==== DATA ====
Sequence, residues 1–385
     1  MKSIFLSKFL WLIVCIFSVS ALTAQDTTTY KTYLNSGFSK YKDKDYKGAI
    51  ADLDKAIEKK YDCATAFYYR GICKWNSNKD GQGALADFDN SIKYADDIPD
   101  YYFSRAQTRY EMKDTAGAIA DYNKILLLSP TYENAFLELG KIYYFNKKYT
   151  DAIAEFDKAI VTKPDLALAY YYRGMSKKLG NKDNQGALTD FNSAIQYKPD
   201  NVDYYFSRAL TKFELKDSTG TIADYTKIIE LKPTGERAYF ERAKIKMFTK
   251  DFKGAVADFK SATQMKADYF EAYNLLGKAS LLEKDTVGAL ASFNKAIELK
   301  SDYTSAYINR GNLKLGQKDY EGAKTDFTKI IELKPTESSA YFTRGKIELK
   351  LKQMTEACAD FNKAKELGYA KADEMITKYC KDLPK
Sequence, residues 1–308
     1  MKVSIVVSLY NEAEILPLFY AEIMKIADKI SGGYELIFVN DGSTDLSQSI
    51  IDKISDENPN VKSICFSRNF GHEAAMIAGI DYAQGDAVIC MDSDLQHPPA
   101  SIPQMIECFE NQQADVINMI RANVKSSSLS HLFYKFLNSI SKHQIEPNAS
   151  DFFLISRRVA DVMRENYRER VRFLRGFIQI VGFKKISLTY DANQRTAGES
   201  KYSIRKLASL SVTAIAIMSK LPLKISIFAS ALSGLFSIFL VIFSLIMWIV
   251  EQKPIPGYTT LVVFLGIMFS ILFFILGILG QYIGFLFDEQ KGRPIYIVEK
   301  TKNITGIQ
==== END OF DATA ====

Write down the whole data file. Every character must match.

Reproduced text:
Sequence, residues 1–385
     1  MKSIFLSKFL WLIVCIFSVS ALTAQDTTTY KTYLNSGFSK YKDKDYKGAI
    51  ADLDKAIEKK YDCATAFYYR GICKWNSNKD GQGALADFDN SIKYADDIPD
   101  YYFSRAQTRY EMKDTAGAIA DYNKILLLSP TYENAFLELG KIYYFNKKYT
   151  DAIAEFDKAI VTKPDLALAY YYRGMSKKLG NKDNQGALTD FNSAIQYKPD
   201  NVDYYFSRAL TKFELKDSTG TIADYTKIIE LKPTGERAYF ERAKIKMFTK
   251  DFKGAVADFK SATQMKADYF EAYNLLGKAS LLEKDTVGAL ASFNKAIELK
   301  SDYTSAYINR GNLKLGQKDY EGAKTDFTKI IELKPTESSA YFTRGKIELK
   351  LKQMTEACAD FNKAKELGYA KADEMITKYC KDLPK
Sequence, residues 1–308
     1  MKVSIVVSLY NEAEILPLFY AEIMKIADKI SGGYELIFVN DGSTDLSQSI
    51  IDKISDENPN VKSICFSRNF GHEAAMIAGI DYAQGDAVIC MDSDLQHPPA
   101  SIPQMIECFE NQQADVINMI RANVKSSSLS HLFYKFLNSI SKHQIEPNAS
   151  DFFLISRRVA DVMRENYRER VRFLRGFIQI VGFKKISLTY DANQRTAGES
   201  KYSIRKLASL SVTAIAIMSK LPLKISIFAS ALSGLFSIFL VIFSLIMWIV
   251  EQKPIPGYTT LVVFLGIMFS ILFFILGILG QYIGFLFDEQ KGRPIYIVEK
   301  TKNITGIQ